If so many people have such a particular procrastination in common, I figure there’s gotta be something stacked against us. So I talked to experts in the dental and mental health fields about what exactly makes flossing so hard, and how to potentially improve our relationship, ahem, no-strings-attached.
How *should* we be flossing?
First, let’s break down what good flossing looks like. The American Dental Association (ADA) recommends two minutes of teeth brushing twice daily and one daily flossing session with regular floss or an ADA-approved water flosser. Good flossing technique includes cleaning between the teeth and the sides of your teeth—without excessive bleeding.
This means that you should be gentle with your flossing, making sure to go slowly, rather than digging the floss into your gums as you clean between your teeth. Sometimes that’s unavoidable, though, and bleeding is a common symptom when your gums are inflamed. Practicing good dental hygiene daily will lower the rate of gum inflammation over time. We just, you know, actually gotta do it.
So, why don’t we all just floss regularly?
Despite our best intentions when we come home with that sparkly new package of floss after our twice-yearly teeth cleaning, many of us quickly fall out of practice. There are a few common reasons why this happens.
1. It’s a hard habit to form
“Many things in life are about developing consistent habits. If flossing isn’t part of one’s daily routine, it will often simply be overlooked or forgotten in the large list of daily activities that we all perform,” says Harvard-trained orthodontist Scott Cardall, DMD, founder of Orem Orthodontics. “Habit forming is key.”
Dr. Cardall says that being taught how to floss also includes demonstrating good habits. This means that when children learn to do it, part of that instruction must repeatedly require the child to practice this skill—and they need to see the adults in their lives flossing regularly, too.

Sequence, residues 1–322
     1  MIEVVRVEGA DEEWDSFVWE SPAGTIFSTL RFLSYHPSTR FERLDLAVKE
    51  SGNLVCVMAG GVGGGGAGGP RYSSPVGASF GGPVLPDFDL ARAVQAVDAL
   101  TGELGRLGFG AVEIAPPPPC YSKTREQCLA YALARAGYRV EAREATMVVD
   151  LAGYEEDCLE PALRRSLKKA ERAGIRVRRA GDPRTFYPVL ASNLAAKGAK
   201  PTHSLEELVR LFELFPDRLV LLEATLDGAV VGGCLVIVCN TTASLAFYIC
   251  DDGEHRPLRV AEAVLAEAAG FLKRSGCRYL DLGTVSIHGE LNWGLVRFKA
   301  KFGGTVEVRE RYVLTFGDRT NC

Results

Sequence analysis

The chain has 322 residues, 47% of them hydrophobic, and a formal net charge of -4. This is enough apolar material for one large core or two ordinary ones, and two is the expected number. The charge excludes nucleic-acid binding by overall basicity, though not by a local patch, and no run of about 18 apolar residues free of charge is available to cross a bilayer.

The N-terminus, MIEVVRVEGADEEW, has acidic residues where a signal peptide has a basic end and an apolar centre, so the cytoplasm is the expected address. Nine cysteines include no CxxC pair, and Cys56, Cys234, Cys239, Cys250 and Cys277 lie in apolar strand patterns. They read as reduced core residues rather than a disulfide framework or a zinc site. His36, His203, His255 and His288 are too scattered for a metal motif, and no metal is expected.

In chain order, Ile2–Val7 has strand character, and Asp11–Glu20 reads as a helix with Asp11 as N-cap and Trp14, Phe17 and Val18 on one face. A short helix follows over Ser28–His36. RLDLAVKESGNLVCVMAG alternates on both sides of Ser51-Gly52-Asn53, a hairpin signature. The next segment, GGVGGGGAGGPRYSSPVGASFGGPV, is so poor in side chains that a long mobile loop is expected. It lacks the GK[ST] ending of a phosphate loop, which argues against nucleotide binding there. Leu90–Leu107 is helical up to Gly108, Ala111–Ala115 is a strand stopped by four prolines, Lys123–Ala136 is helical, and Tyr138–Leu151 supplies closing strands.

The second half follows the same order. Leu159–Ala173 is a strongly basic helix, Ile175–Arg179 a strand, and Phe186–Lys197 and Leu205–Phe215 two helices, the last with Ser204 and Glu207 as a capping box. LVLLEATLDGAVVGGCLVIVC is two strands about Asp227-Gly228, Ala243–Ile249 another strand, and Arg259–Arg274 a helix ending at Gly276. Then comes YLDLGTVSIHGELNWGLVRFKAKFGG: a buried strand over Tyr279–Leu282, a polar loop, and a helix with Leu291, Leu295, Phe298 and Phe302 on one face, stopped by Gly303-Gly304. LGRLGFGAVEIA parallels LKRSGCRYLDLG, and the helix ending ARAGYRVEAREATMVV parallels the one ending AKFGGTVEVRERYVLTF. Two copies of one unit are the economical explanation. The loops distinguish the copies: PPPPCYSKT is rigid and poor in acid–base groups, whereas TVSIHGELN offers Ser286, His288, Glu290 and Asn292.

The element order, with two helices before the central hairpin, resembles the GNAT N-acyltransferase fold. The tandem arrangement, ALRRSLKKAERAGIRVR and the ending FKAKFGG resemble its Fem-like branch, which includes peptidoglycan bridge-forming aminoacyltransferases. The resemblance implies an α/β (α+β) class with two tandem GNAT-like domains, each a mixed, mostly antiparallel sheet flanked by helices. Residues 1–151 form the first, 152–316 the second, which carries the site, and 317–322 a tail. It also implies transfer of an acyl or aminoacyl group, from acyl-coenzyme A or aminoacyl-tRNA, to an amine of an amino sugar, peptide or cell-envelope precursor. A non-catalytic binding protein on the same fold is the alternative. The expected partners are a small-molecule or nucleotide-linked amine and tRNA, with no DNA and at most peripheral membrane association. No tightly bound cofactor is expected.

There are several behavioral tricks you could try to make the habit stick: rewarding yourself when you floss, keeping a visual counter (like adding beads to a jar) of how many times you’ve flossed, or getting a trusted friend or loved one to hold you accountable.
The good news? Flossing itself is positively reinforcing, according to Dr. Cardall, because the more you do it, the less painful and uncomfortable it gets over time.
2. It requires a lot of manual dexterity
“Manual dexterity can be a serious problem in kids, older adults, and often even middle-aged adults,” says Dr. Cardall. The ADA defines manual dexterity as the ability to use your hands in a skillful, coordinated way to grasp and manipulate objects and demonstrate small, precise movements. This is flossing to a T.
Children with smaller hands and less robust control of their hand muscles can admittedly find flossing frustrating, which can lead them (and their parents) to give up.